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Marketing Research Articles Related to Business-To-Business Research

Marketing Research Articles Related to Business-To-Business Research

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Tennant fine-tunes its business-to-business research

Published
February 1987
Author
Beth Hoffman, Quirk's Managing Editor
Abstract
For many industrial manufacturers, marketing is based on "pushing" customers into buying a product and then moving on to the next likely customer. Tennant, a manufacturer of floor maintenance equipment, refined its marketing techniques to "pull" customers in by meeting needs and expectations. The shift has improved customer satisfaction.

Pitney Bowes personalizes its business-to-business research

Published
February 1987
Author
Beth Hoffman, Quirk's Managing Editor
Abstract
Pitney Bowes, a supplier of shipping and mailing equipment, surveys thousands of customers every six months in order to remain competitive in the worldwide marketplace.

Research method tests boundaries of conventional wisdom

Published
February 1987
Author
Beth Hoffman, Quirk's Managing Editor
Abstract
While many qualitative research techniques reject experts from the field, a new technique, Delphi, is breaking new ground for market research by utilizing expert knowledge. The strategy has risks, but Delphi is helping clients access new information.

Trade Talk: Audit helps businesses measure their ethical climate

Published
March 1987
Author
Beth Hoffman, Quirk's Managing Editor
Abstract
Focus groups and survey research were instrumental in conducting studies to assess attitudes toward business ethics.

10 steps to improve business/industrial research

Published
February 1988
Author
Margaret Morich
Abstract
The most successful product manufacturers are often the best market researchers too. Margaret F. Morich, co-founder of Consumer & Professional Research Inc., outlines 10 suggestions on how to improve B2B research projects.

McGraw-Hill shows it's the place to get market information

Published
February 1988
Author
Beth Hoffman, Quirk's Managing Editor
Abstract
McGraw-Hill, publishers of Electrical Construction & Maintenance magazine and Electrical Wholesaling magazine know the value of market research. Using a variety of techniques, including mailed questionnaires and telephone surveys, the company gathers information for the editorial and advertising sections of the McGraw-Hill magazines.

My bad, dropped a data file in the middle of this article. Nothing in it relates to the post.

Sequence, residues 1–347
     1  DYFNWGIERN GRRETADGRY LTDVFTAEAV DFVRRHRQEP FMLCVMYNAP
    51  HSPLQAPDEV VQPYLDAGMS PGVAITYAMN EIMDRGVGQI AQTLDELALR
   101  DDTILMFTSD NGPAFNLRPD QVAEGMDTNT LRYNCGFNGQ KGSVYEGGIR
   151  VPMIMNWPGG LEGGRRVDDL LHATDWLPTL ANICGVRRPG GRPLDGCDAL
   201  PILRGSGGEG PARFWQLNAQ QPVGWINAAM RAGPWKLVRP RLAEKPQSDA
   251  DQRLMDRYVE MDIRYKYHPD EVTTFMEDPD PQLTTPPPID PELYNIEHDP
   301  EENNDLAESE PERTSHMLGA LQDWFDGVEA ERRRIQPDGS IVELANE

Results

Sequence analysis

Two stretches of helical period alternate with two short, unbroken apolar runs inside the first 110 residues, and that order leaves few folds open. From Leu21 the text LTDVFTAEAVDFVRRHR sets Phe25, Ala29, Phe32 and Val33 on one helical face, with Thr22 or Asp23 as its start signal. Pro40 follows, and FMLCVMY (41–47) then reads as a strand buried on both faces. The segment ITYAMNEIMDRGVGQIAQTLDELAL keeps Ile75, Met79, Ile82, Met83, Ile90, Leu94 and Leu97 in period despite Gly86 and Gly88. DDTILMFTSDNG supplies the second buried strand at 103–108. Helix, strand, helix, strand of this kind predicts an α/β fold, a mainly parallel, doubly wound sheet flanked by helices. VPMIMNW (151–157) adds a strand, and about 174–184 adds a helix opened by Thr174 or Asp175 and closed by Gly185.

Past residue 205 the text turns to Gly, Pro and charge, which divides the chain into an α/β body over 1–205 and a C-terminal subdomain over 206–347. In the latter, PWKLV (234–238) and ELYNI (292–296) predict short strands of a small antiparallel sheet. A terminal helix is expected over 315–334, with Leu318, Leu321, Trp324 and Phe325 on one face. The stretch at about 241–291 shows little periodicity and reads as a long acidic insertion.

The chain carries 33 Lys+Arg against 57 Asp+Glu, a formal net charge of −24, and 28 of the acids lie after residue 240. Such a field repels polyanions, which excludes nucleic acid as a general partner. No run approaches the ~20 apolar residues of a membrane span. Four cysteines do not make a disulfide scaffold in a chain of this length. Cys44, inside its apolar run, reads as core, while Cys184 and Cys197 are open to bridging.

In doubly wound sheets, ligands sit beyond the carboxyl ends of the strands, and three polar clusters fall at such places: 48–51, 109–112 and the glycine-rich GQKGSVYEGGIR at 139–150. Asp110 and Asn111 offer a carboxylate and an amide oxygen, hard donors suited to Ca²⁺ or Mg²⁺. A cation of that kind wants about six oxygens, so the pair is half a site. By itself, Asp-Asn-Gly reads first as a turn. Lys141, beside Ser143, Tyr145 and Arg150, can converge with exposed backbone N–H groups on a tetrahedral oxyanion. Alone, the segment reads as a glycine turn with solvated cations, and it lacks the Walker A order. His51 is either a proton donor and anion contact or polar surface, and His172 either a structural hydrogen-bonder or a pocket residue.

The strategic value of business advertising research

Published
April 1988
Author
Quirk's Staff
Abstract
The authors draw from a survey of ad research professionals to examine trends in business advertising research, including methods used, benefits received and problems encountered.

From the Publisher May 1988: Focus groups for business-to-business research

Published
May 1988
Author
Tom Quirk, QMRR Publisher
Abstract
Tom Quirk recounts his experience conducting B2B focus groups for new product research and attributes the project's success to careful recruiting and modertating.

How to effectively present marketing research results

Published
January 1989
Author
N. Carroll Mohn
Abstract
Improving the quality of presentations is an important goal for professional marketing researchers. This article summarizes skills for five basic presentation assignments faced by researchers both inside and outside their organizations. Coverage begins with the common briefing - a straightforward presentation with the purpose to inform.

Reports provide data on effectiveness of print advertising

Published
April 1989
Author
Quirk's Staff
Abstract
McGraw-Hill Research’s Laboratory of Advertising Performance has developed considerable information on the effectiveness of print advertising. This article highlights some of that data.

A survey of scanner data users finds problems with data analysis, assimilation

Published
November 1989
Author
Joseph Rydholm, Quirk's Editor
Abstract
Temple, Barker & Sloane, Inc. interviewed research management personnel in 51 U.S. consumer products firms to gain an understanding of how firms use scanner tools and data and their expectations of and satisfaction with scanner data. This article provides information discovered in that research.

The rules change when conducting focus groups for business to business research

Published
December 1989
Author
Nick Calo